Sellers may also offer to help out by agreeing to accept part of the purchase price in the form of a note (I.O.U.) that you can pay off in the future. Certain Mortgage programs allow sellers to contribute toward the closing costs to help minimize your out-of-pocket expenses. You also may be able to borrow against equity in your primary residence to come up with your down payment.
Still another possibility is to secure your down payment with funds you already have in a brokerage account, according to investor and Mortgage expert Deborah A. Ten Brink, president of LLC Mortgage Network. She describes it this way: Sam wants to purchase an investment property for $100,000.00. Sam has a brokerage account with $50,000.00 in it. He must pledge 143% of the $25,000 down payment required by the lender or $35,750 (143% times $25,000.00 = $35,750.00). The funds are retained in his brokerage account, still accruing interest, but the lender puts a lien on the account to protect its interest, then Mortgages him the full $100,000.00 to buy the property. When the investment property achieves 25% equity (proven by an appraisal), the lien on the account is released and the pledged amount plus accrued interest is once again completely under the borrower’s control.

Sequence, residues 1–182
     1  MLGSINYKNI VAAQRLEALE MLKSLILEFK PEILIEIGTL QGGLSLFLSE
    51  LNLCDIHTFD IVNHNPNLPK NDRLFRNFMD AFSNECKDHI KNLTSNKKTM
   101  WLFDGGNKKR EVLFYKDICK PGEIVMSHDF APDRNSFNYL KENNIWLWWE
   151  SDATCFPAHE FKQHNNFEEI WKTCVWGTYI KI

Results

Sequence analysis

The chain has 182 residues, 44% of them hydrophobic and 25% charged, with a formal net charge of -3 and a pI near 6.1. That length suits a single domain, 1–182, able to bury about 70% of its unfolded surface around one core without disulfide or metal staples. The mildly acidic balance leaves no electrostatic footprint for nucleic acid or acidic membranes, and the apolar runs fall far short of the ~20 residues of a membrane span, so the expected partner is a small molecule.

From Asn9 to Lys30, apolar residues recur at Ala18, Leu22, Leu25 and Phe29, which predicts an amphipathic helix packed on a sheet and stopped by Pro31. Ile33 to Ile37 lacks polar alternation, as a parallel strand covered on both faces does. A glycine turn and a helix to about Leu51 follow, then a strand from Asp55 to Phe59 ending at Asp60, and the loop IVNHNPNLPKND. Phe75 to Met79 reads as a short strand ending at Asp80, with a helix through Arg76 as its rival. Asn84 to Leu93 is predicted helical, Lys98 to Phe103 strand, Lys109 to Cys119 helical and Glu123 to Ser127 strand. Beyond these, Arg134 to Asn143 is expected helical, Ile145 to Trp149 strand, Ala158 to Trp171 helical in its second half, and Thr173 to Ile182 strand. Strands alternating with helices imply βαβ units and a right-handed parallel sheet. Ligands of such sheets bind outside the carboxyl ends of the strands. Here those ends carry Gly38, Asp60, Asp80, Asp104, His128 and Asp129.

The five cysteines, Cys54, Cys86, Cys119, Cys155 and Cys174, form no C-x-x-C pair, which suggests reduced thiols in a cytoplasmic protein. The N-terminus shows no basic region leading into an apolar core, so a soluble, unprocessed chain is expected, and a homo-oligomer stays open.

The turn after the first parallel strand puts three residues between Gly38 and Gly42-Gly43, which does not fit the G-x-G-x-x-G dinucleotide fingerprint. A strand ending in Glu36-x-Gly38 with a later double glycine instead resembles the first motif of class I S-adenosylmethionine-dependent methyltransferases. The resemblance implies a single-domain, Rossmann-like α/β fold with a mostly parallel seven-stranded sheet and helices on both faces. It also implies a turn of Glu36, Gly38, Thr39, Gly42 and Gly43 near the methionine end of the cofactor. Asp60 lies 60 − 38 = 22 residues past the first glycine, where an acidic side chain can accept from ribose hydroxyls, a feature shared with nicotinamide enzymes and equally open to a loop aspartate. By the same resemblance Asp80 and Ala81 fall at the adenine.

Even if you have cash for a down payment, you may not want to tie it up in your new property. So, for example, Sam can open a certificate of deposit (CD) with the lender using his down payment funds of $25,000.00, and still borrow 100% of the purchase amount of $100,000.00. When the investment property achieves 25% equity (proven by an appraisal), the lien on the CD is released and the CD, plus accrued interest, is returned to Sam.